Are New Year's Resolutions a Thing of the Past?


Daisy Couture (she/her) discusses the relevance of New Year's resolutions

Article Image

Image by Craig Adderley via Pixabay

By Daisy Couture

Traditionally, January 1 tends to bring with it not only the excitement of a new year, but a bucket list full of self-improvements. The most common amongst these is: to lose weight, travel more, save money, cut down on drinking and make time for family. But in recent years, have we seen a drop in the amount of people making (let alone sticking to) New Year’s resolutions?

For 2024 I made three resolutions, which are written up on a virtual sticky-note on my computer home screen lest I forget what they are.

Firstly, I want to start running - mostly for my health, partially for bragging rights. Secondly, I want to eat less meat - mostly for the environment, partially for my health. Thirdly, I want to learn French - wholly because on my latest holiday to Belgium, the majority of people there assumed that I was French, which led to a lot of embarrassment when I had to explain to them that, no, sorry, I’m just an ignorant English woman.

Writing this article almost a month later, I would say that I’m fulfilling two thirds of these goals. I went on one run whilst at home, nearly died and haven’t tried it since. I’m definitely eating less meat (lentils are my new best friend), and I have a 27-day French streak on Duolingo.

It’s going okay so far. But there is a chance I may be within the 44 percent of people that achieve some, not all, of their goals by the end of the year. In fact, of these, only 16 percent achieve everything they want to, raising questions on the overall effectiveness of New Year’s resolutions.

When I asked my friends what they were doing for theirs, they said “What? Nothing.” The same thing happened when the topic came up with my parents. It appears as though less and less people are setting themselves January goals - and there can be a good reason for it.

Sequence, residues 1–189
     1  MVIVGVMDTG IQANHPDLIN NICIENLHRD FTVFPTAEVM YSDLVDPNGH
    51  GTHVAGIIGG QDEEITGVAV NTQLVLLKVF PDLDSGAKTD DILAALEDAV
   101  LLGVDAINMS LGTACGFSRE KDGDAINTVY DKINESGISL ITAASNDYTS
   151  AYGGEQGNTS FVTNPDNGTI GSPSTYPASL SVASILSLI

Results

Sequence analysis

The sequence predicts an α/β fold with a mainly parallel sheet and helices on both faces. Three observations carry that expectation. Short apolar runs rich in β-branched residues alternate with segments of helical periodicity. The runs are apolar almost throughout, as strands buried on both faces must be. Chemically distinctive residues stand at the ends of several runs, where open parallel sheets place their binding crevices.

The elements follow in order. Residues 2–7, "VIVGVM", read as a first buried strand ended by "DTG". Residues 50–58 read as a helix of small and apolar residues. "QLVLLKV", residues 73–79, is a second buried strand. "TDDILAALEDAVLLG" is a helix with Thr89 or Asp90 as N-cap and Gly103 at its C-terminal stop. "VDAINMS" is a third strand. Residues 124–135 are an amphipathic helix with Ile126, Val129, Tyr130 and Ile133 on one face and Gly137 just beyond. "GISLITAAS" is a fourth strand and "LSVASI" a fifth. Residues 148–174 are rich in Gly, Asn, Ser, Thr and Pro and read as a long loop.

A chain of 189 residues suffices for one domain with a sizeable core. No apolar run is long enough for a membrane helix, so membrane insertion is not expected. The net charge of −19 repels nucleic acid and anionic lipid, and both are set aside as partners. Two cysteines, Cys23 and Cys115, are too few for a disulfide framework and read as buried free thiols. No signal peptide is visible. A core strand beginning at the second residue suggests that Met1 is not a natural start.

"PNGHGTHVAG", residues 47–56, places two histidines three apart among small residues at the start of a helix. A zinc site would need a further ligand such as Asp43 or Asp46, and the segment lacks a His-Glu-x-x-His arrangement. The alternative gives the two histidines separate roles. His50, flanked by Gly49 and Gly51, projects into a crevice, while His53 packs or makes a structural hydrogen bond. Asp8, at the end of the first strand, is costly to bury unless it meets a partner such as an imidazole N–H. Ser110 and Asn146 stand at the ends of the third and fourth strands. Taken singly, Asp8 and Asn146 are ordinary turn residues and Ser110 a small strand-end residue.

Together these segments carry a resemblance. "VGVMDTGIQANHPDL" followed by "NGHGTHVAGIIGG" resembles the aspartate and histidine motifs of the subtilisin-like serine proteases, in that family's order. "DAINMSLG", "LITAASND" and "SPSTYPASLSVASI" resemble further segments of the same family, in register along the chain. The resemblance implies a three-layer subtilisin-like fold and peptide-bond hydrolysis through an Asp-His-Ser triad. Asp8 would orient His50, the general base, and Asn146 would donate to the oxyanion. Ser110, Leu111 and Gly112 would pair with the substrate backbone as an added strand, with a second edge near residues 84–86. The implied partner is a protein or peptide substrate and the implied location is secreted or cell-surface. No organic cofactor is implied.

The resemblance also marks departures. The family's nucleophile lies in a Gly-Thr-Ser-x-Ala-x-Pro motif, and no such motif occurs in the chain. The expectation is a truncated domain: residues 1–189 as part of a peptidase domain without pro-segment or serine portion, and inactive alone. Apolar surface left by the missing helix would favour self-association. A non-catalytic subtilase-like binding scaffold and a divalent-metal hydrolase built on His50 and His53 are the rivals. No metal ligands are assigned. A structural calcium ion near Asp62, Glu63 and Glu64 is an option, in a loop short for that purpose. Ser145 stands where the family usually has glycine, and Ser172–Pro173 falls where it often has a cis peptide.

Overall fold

If you are looking to improve yourself or an aspect of your life, then why wait until January 1st to implement it? Positive change can, and maybe should, begin as soon as possible. I saw a TikTok over Christmas which argued against waiting to start running until the New Year. If you’ve got all the equipment, why not head out the door right now?

And I don’t disagree with this. Something inside me wishes that I had started attempting to run earlier - perhaps it would be a little easier now. I also find that there is something slightly disingenuous about New Year’s resolutions; having goals in mind is great, so why wait? Christmas is obviously a big factor in this delay; but an excuse to gorge for three weeks followed by a desire to exercise effectively or lose weight quickly is a recipe for disappointment.

This also gives way to the age-old joke about gyms being crowded on January 1st by people who have never set foot in a gym before - but, as one of those people, I say let them do their thing. Self-improvement should never be chastised, no matter the motivation behind it.

So why do people, myself included, wait until the New Year to set themselves goals? Personally, I absolutely adore the feeling of a clean slate - and I don’t think you can get a cleaner slate than a new year. Psychologically, it gives people a greater sense of motivation and optimism; it’s like turning over a new leaf. Even a Monday feels refreshing to me - the past week is gone, let the next one begin.

Feeling like a shinier, more improved version of yourself can lead to a greater desire to achieve your goals. I cannot be the only person who, both in the lead-up to and following days, feels like a slob at Christmas. I’m eating more, moving less, abandoning the thought of looking good and basically living in jogging bottoms. For me, that does not feel like the most optimal time to strap on my running shoes. Giving yourself time to unwind at Christmas is almost as important as the festivity itself.

To conclude, then, do I think that New Year’s resolutions are a thing of the past?

Sort of. I think that less people are giving themselves New Year’s resolutions, but perhaps they’re making up for them throughout the rest of the year. I think that the rise of social media and its impact on self-improvement is confusing, and something that I’m not going to pretend to fully understand. Do we feed into the narrative of ‘everybody is perfect just the way they are and don’t need to change for anyone’, or do we listen to ‘here’s 100 ways to clear your skin, boost your grades and achieve your dream body?’

I suppose the general takeaway is to just do what you want, really. I’m still going to try and stick as closely as possible to my New Year’s resolutions, but I’m not going to be too hard on myself if it all goes awry. After all, work, university, family, friends, relationships and life all get in the way.

Au revoir, enchanté et à bientôt!